A family is traumatised by the tragic death of a child in Vaughn Stein’s Every Breath You Take.
Philip (Casey Affleck) is a psychiatrist and lecturer, his wife Grace (Michelle Monaghan) a real estate agent. They have a young son, Evan (Brenden Sunderland) and he has a senior school age daughter, Lucy (India Eisley) – Grace’s stepdaughter – who lives with them. On the way to hockey practice, with only Grace and Evan in the car, a much larger vehicle crashes into them. Evan dies.
Three years on and that incident has taken a heavy toll on all of them. Philip and Grace haven’t been able to deal with their grief and anger. He has all but shut down. Lucy has just been kicked out of a private school for cocaine use. She barely communicates with her father and has little to say to her stepmother. Philip has been treating a patient, Daphne (Emily Alyn Lind), who – along with her family – have had a tragic past. But by sharing his own trauma with her, Philip makes a remarkable breakthrough.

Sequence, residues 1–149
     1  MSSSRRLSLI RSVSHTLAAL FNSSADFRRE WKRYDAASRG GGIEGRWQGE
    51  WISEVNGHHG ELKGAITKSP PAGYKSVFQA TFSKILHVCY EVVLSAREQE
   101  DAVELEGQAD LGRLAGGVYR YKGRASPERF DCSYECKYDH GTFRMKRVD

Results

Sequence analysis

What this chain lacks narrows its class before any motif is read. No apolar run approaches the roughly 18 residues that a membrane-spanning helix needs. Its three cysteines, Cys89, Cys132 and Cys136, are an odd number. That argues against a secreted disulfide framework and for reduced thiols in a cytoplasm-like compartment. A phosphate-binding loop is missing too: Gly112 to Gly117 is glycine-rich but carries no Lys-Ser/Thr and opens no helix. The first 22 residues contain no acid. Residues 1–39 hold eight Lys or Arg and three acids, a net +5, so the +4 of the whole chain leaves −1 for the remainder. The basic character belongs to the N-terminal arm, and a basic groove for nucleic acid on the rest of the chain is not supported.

Daphne is off her meds altogether and at age 22 appears to have gotten her life together. But then tragedy strikes. Through that, Philip gets to meet Daphne’s brother James (Sam Claflin), an author who has just returned from the UK. Their lives and that of Philip’s family become intertwined with disastrous consequences.
Every Breath You Take is a psychological thriller with a strong cast and breathtaking scenery. But it loses its way. Unfortunately, by the end it becomes no more than an old-fashioned telemovie.
The idea is well established, as are the pivotal characters. We get a feel early on for what they’re going through and how it has affected them.
All the key players have a brooding quality, which the script calls for. The performances are solid enough, so that’s not where the problem lies. Rather, it is the story that gets away from the actors and lets them down. That is the work of first-time feature film writer David K. Murray, with direction from Stein (Terminal). Every Breath You Take becomes more far-fetched the longer it goes. Still, the cinematography by Michael Merriman is a showcase of the natural beauty of mountainous Vancouver (doubling for Washington State).
Overall though, while the movie had its moments, ultimately it felt derivative and I was left disappointed.
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Alex First is a Melbourne based journalist and communications specialist. He contributes to The Blurb on film and theatre.